Most stories about Quantrill are merely lies. How could a single human being be written about in history as the devil incarnate, without love for either of his parents or family and whose own mother was declared to be a mother in name only, showing no love for her son? Author William Elsey Connelley said that Quantrill’s father was an embezzler and thief and was looked down upon by his neighbors. Quantrill was described as being fiendish for skinning neighbor’s cats and shooting pigs through their ears just to listen to them squeal. Connelley reported that when Quantrill courted young women his talk would turn sadistic as he commented how many men he could hang from certain tree limbs. In his life in Kansas before the Civil War, he was described as being shiftless and without a visible means of support, even stealing from his neighbors and local merchants. He was called a bloodthirsty killer, murdering and stealing from those in Missouri as well as Kansas.

Connelley said that no one in Quantrill’s band trusted him and he made them nervous and edgy. It was said he had a mistress and after the war, she opened a house of prostitution in St. Louis. When the war was coming to a close, Quantrill was even said to have made plans to go to Washington D.C. to kill President Lincoln. Historical evidence has never supported these accounts. Many scholars, who knew of Connelley’s intent and had read portions of his manuscript before publication, warned him against his “extreme statements,” but they were simply ignored. The contradictions that are discovered were based on hearsay, lies, half-truths, and outright distortions.

How could this so-called fiend have been a respected schoolteacher? How could he have organized and led up to 400 men in the most noted band of guerrilla fighters known in history? Why did regular Confederate army officers who outranked him yield to him and place themselves subordinate to his command? How could he be so hated by his own men and still lead them in the van of the most renowned battles throughout Missouri, winning victories over superior Union forces?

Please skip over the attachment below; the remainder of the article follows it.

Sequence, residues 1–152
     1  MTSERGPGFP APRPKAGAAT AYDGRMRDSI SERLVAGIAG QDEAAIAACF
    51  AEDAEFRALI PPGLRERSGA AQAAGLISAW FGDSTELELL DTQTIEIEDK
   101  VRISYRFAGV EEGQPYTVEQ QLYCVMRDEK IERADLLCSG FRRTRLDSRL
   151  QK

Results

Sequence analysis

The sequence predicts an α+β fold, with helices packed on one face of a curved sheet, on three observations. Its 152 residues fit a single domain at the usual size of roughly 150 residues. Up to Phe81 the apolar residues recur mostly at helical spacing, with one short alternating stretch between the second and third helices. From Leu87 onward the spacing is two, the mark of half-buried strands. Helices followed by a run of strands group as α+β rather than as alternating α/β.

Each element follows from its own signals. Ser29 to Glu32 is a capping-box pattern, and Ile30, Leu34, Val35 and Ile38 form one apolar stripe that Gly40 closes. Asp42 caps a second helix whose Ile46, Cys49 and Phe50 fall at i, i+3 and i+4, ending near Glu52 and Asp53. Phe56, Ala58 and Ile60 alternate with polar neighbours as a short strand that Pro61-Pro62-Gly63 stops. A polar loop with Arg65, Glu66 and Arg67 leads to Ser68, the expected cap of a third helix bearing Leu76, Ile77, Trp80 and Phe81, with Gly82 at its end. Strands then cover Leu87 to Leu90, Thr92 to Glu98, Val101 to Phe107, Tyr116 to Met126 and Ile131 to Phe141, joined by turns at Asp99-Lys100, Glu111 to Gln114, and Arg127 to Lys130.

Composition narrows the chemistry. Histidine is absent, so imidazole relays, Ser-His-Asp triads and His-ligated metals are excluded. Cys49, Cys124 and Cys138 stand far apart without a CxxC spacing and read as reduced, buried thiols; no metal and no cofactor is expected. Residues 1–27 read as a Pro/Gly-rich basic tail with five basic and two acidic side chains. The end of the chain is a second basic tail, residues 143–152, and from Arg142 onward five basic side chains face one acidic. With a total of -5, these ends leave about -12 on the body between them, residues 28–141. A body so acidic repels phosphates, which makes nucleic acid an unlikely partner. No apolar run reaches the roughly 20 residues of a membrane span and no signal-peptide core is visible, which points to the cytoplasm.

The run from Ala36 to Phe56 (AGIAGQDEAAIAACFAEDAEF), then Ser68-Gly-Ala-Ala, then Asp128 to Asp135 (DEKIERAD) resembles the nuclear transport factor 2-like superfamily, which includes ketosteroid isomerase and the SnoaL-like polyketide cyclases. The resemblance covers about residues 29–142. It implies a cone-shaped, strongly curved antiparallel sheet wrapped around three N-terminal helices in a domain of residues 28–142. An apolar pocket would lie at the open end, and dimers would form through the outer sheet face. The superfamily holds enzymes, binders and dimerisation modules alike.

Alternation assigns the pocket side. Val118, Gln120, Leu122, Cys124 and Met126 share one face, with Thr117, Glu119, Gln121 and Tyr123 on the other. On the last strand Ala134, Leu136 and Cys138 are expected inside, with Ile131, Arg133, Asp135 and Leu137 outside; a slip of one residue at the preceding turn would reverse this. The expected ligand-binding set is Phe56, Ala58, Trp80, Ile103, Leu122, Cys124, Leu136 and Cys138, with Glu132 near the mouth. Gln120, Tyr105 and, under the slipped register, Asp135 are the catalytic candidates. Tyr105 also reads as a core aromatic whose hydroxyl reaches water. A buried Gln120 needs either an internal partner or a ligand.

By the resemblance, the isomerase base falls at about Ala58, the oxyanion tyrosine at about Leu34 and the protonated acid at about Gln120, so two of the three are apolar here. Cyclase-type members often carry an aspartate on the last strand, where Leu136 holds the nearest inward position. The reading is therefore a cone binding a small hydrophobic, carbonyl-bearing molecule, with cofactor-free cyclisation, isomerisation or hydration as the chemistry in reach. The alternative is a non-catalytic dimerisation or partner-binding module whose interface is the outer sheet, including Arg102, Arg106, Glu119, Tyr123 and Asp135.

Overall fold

Mothers entrusted their sons to him. Citizens served him as spies. Women willingly nursed him and his men while his followers were intensely loyal to him even guarding him in battle. Most of his followers were God-fearing farmers trying to live a Christian lifestyle. Critics may point out that mere association with upright righteous people wouldn’t necessarily make Quantrill the same. But from experience, God-fearing, righteous people would not have followed a depraved, degenerate, psychotic killer.

One of Quantrill’s men stated after the war “You who were not there can not realize for a moment the dreadful passions that were roused in the hearts of men during those fearful years.” The Missouri border during the Civil War was the scene of the greatest savagery in American history. Never before or since have, Americans exhibited such brutality on their fellow Americans. The controversy surrounding William Clarke Quantrill is nothing less than a scandal. At the time the Northern press conspired to blacken his name and those of his followers, a conspiracy that continues even today.

Captain William Gregg, Quantrill’s adjutant, reported in a letter after the war that, “Quantrill and his men have been unjustly slandered by the people of the North, a people who, even to this day, know nothing of them, except what they have read in irresponsible books and newspapers.” Gregg goes on to say that, “It is not enough that their valor is recognized, it is not enough that their honesty be confessed. We ask of our Northern brother, we ask of all mankind and all womankind a recognition of their patriotism, their love of country, and of liberty…we cannot remain silent, so long as any aspersion is cast by the pen of the historian, or the tongue of the orator upon their patriotic motives, or the loftiness of their purposes throughout that mighty struggle. We make no half-hearted apologies for their acts. It is justice for which we plead, not charity.”